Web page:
Monday, December 28, 2015

When Everyone Else Goes Right…

No, this isn't about Hill vs. Don or Bernie. It's about perspective, and, from what I've seen so far, mine is pretty different from the pack. As background, Mattie John Bamman, the new editor for the Portland outpost of the restaurant-industry website Eater, sent the following request: "Would you be interested in sharing your dining opinions as part of Eater Portland's end-of-year coverage?"

Now, I met Mattie—yes, it is his real name and isn't short for Matthew (the reason he gives is that he had "hippie parents")—at a media lunch given by the wonderful Bette Sinclair. For whatever reason he decided to include me in this year's survey. Here are the questions and my answers. I'll include links so you can read what others felt was noteworthy.

What were your top restaurant standbys of 2015?
My husband and I don’t go out much because, frankly, dining out is way too expensive for us to do on any kind of regular basis, so I’m hopelessly out of date on the “hot list.” As a matter of fact, several of them will close before we ever get a chance to go to them. (Cases in point: June, Levant, Noisette.)

Nostrana's Cathy Whims (r) and one of her—and my—favorite farmers.

So our standbys are places that make the kind of food we love and source ingredients from local farms and farmers: Bar Avignon, Lovely’s Fifty-Fifty, Old Salt Marketplace, Nostrana, Lucca and Davenport. Tastebud has to be included even though it’s just opened (we’ve been twice) because Mark Doxtader and Sarah (of Lovely’s) are the god and goddess of woodfired pizza made with local ingredients. Burrasca has become a favorite on our hit parade, as well.  Read more.

What were the top restaurant newcomers of 2015?
Tastebud because of the reasons listed above (Mark Doxtader, right). Burrasca (top photo). Love their take on Florentine classics like ribollita, peasant food that uses the simplest ingredients like old bread, leftover beans and greens to make a bowl of comfort; pappa al pomodoro; the deeply intriguing combination of squid and kale that is inzimino.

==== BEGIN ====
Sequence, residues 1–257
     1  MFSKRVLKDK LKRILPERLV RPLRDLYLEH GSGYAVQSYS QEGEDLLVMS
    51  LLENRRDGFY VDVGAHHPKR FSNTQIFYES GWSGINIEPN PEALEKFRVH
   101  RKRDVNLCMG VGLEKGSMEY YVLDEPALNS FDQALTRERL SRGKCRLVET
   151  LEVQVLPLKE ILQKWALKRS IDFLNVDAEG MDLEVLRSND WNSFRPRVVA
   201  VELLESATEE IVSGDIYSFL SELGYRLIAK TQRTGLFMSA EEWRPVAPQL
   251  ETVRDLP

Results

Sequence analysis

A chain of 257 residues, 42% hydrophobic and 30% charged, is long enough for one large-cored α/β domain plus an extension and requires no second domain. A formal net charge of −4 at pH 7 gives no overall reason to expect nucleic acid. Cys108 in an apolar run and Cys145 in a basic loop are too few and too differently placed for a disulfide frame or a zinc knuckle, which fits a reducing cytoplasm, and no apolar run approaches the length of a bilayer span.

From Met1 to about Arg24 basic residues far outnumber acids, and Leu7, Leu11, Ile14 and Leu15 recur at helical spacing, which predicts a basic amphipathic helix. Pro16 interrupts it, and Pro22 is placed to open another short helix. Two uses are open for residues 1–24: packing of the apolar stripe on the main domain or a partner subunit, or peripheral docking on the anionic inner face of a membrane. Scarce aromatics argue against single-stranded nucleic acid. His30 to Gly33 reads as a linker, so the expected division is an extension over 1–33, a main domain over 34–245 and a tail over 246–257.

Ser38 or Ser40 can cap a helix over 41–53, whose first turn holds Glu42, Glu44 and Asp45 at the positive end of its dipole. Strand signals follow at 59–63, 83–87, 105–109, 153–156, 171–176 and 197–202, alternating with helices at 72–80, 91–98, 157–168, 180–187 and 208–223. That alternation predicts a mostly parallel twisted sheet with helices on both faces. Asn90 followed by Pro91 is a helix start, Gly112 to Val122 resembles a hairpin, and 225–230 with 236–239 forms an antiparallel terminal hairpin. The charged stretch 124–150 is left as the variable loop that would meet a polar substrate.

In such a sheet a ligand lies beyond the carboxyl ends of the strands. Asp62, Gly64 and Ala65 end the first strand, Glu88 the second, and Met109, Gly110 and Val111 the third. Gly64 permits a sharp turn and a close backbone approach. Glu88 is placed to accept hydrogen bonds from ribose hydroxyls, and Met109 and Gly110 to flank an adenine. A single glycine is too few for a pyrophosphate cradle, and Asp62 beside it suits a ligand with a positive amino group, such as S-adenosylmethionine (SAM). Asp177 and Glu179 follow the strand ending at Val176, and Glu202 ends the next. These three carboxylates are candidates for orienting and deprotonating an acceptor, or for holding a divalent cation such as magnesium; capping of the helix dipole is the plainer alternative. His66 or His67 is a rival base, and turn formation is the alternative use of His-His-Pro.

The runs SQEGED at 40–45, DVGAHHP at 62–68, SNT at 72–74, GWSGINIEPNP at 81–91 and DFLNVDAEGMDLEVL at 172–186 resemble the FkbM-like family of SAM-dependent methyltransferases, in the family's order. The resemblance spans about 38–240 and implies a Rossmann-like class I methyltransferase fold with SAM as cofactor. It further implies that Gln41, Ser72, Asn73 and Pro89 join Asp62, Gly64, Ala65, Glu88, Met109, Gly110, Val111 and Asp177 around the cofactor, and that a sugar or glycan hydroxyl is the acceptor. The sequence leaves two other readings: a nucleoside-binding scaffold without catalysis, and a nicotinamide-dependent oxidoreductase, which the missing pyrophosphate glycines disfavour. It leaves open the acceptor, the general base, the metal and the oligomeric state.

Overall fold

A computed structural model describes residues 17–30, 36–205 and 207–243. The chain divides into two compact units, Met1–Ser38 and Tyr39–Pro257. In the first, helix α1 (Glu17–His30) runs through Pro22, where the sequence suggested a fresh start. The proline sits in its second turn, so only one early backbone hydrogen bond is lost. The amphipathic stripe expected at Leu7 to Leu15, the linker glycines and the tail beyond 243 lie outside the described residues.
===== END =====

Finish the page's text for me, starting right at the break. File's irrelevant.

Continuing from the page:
I’m hoping they’ll find a source for the fourth stomach of a cow, the abomasum, so I can have the famous street food favorite of Florence called lampredotto. Read more.

Describe the 2015 Portland restaurant scene in one word.
Free-for-all. Read more.

What was the best dining neighborhood in 2015?
No place like NE: We live within walking distance of Alberta, Killingsworth, Cully, Williams and Mississippi. (Sarah Minnick of Lovely's Fifty-Fifty, left)

Cully has to be the up-and-comer. Read more.

What was the biggest dining surprise of 2015?
No idea.

What was your single best meal in 2015?
Overall, very few meals can match what we have at home on a regular basis, from roast chicken to braised beef neck to pig trotters in a pot of Ayers Creek Farm beans to steaks on the fire when we’re camping.

Ben Meyer (l) and Bill Hoyt.

Meals out, wonderful as they can be from any of the places listed above, become more special because I don’t have to cook them. Current crave is the beef tartare at Old Salt using beef from Bill Hoyt of Hawley Ranch in Cottage Grove. Read more.

What was the biggest restaurant grievance of 2015?
The focus on chefs and technique versus good food made simply using the best ingredients (preferably local). Read more.

What are your headline predictions for 2016?
No idea.


Susan@LunaCafe said...

Love it! Honest, unpretentious, real. As much as I love eating out, to experience other cook's ideas and inclinations, restaurant food rarely compares to what I cook every day in my own kitchen. Good home cooking is highly underrated.

Kathleen Bauer said...

Thanks, Susan. I didn't mean to be cranky, but I think the writing about Portland's famed restaurant scene needs to include discussion of the ingredients (and agricultural base) that make it possible. And we are doing a disservice not to include home cooks—and to share how easy it is to cook at home—in that discussion, as well.

Lynne said...

This is great, Kathleen. And I love the summary of comments in the link from eater where you capped them all off! Happy 2016.

Kathleen Bauer said...

Thanks, Lynne! Credit to Mattie at Eater for not just asking, but then for using what I wrote. Brave fellow.